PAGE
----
Firstly, where there are a number of SIPPs coming together to buy a property, often known as a Family SIPP, the overall costs may work out cheaper with a SSAS. Secondly, the paperwork can be less onerous with a SSAS, which is one scheme compared to the multiple arrangements needed under a Family SIPP. Finally, if required and suitable security is available, a SSAS can lend money back to the sponsoring employer.
There are potential downsides to the SSAS, for example all members usually need to be trustees, something which is not the case with a SIPP.
In summary, if you are part of a group of SIPPs looking to buy a property, a SSAS should be considered as an alternative to a Family SIPP.
6. Remember VAT!
VAT often catches people out.
When you make your offer check whether the property is subject to VAT; if it is and you are not buying as a sitting tenant, you will need to take action.
Firstly, to reclaim the VAT the SIPP will need to be registered for VAT, be careful here to choose a SIPP provider who allows this.
Next you will need to make provision to pay the VAT, which of course will be reclaimed. We find some people have sufficient spare capital in their SIPP to pay the VAT and await the refund, others though do not.
Those people who don’t have sufficient spare capital in their SIPP have a couple of options.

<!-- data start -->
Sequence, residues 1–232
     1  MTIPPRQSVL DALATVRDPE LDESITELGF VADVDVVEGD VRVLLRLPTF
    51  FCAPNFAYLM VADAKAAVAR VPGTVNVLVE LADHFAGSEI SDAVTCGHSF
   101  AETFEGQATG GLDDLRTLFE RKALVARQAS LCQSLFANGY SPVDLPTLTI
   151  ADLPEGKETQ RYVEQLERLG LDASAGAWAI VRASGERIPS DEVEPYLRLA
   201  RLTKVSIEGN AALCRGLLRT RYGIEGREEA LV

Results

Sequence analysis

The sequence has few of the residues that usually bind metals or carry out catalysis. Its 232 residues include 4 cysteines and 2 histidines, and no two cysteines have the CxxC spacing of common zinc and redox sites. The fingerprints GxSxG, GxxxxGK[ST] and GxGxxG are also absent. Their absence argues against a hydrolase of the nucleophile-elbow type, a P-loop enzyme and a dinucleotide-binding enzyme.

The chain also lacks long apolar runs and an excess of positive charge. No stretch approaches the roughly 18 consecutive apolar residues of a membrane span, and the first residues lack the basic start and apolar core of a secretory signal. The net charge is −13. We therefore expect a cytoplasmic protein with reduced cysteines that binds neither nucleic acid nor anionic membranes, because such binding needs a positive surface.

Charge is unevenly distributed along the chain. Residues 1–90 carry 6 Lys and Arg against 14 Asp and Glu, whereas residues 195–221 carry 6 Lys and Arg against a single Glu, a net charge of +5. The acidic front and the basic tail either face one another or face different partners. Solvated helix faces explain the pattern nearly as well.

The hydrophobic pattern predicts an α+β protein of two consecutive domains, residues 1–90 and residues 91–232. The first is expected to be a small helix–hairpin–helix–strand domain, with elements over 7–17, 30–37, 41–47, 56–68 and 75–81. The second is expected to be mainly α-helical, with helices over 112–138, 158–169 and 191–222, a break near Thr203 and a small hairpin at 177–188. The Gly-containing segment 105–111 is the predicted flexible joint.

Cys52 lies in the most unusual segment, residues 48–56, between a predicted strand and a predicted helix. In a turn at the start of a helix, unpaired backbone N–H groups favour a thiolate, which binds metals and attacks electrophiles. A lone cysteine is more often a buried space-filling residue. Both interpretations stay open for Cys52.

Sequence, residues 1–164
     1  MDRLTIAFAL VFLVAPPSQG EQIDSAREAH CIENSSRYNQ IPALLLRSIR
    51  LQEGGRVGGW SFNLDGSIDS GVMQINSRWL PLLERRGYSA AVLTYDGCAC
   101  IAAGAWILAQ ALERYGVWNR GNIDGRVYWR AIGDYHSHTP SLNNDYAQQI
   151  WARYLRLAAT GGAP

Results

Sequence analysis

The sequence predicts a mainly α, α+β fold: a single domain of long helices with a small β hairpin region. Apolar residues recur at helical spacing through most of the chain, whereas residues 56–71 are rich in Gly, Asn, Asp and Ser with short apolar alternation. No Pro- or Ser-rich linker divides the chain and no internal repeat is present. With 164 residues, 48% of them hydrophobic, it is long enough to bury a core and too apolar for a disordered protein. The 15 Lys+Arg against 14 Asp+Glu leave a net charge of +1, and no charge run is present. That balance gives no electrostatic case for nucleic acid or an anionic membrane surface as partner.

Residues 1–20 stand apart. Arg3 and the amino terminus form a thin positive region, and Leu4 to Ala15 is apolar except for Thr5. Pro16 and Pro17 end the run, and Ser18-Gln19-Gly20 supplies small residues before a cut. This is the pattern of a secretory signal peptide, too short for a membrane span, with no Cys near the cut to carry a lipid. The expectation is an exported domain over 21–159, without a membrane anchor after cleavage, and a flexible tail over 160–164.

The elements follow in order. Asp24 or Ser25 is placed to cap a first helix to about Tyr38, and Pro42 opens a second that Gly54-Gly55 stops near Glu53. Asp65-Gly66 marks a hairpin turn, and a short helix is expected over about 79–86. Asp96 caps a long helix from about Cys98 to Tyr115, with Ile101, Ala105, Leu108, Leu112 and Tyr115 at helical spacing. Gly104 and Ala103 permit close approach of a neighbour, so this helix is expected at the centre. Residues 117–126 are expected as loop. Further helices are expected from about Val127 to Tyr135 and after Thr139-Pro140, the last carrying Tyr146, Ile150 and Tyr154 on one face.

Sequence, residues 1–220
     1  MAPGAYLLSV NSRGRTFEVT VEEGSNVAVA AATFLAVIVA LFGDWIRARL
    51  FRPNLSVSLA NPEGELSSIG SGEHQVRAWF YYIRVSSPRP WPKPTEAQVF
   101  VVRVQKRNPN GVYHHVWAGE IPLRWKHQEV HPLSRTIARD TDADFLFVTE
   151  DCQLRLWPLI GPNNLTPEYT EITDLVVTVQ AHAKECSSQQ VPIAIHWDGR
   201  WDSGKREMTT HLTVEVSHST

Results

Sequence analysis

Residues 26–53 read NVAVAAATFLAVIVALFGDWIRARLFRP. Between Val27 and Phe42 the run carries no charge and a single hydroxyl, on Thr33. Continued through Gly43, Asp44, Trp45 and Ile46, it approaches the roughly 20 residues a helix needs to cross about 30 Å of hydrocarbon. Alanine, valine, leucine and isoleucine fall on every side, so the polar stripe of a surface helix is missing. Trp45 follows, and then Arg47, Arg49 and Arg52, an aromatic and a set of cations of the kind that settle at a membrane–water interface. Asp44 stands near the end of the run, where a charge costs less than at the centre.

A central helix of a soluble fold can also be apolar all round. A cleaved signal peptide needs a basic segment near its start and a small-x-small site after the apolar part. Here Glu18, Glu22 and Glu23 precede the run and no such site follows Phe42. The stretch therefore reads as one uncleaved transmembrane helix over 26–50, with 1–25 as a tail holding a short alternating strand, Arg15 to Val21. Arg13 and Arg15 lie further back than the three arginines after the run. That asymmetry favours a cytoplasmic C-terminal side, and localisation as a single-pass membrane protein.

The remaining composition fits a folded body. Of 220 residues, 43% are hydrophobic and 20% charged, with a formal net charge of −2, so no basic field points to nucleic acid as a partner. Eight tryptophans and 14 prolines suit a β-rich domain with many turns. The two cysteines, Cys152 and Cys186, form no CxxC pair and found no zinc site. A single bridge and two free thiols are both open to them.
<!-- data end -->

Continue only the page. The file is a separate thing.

They could make a pension contribution, which will of course attract tax relief, although once the VAT has been reclaimed this will mean that the SIPP has additional spare cash, which you may prefer to have outside of a pension arrangement. If this is the case, you or your business could make an unsecured loan to your SIPP for a period of time until the VAT has been reclaimed.
Whatever route you choose, remember to check about the VAT, we have seen property purchases delayed because the buyer forget to look into it.
7. Increase your buying power
Many people looking for property spot something which is “perfect for them” but is just outside the price range, if this happens to you there are things you can do.
First of all, double check you are not stretching yourself too far and that the property does indeed represent value for money, once you have confirmed that, you can turn your attention to how you fund any shortfall.
The first option is often to make an additional pension contribution, which, providing it is within HMRC limits, will attract tax relief. Contributions which will attract tax relief are now limited to £50,000 in a single tax year, although if you need to pay more in it is possible that carry forward could be used and changing pension input periods can also help. Both of these areas are complex and advice should be taken to ensure you get it right; our advisers are experienced in dealing with both carry forward and the changing of pension in put periods.
If you don’t want to make additional contributions, you could always buy with another SIPP, under what is often called a Family SIPP arrangement, or alternatively your SIPP could buy the property with yourself or your business.
In summary, if you find a property you want to buy which is outside your planned budget, yet still affordable, speak to one of our advisers, they may just have an answer for you.
Buying a property in a SIPP can be a daunting process, especially if you have not done it before; this is where we come in.
Our experienced team of SIPP advisers are here to help, advise and guide you through the minefield, making sure you make the right decisions along the way.
If you are considering buying a property in a SIPP, would like to know more, or have a question you would like answering, call the SIPP team today on 0115 933 8433, and ask for Bev Stoves or Sarah Bray.